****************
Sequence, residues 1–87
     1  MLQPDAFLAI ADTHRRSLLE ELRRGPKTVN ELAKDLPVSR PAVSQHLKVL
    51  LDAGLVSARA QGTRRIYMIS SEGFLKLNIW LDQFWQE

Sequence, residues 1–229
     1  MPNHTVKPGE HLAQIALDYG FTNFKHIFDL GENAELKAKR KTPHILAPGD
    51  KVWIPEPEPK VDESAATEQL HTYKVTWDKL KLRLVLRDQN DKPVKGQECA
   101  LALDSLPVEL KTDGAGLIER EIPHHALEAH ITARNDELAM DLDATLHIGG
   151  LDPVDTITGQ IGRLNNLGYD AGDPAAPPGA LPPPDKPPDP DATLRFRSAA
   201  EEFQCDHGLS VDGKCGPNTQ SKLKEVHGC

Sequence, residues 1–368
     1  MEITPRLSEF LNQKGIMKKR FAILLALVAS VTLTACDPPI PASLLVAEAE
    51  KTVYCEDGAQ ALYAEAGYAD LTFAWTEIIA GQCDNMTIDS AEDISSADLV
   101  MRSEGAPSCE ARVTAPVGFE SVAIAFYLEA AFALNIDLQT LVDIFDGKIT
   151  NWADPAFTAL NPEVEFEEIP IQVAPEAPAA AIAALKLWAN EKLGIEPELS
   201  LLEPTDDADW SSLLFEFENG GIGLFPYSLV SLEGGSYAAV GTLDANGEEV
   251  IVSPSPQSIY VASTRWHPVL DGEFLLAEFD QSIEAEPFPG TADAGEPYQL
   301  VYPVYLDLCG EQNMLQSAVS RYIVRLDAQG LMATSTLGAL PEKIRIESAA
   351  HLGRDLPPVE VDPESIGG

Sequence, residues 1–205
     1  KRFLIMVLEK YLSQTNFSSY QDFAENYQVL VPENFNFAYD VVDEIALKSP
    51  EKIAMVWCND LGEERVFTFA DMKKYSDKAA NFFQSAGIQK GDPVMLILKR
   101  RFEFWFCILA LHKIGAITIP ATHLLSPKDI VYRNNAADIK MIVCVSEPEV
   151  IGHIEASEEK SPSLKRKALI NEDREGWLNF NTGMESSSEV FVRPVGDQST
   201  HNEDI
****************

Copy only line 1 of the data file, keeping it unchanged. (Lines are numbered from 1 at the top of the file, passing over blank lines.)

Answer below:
Sequence, residues 1–87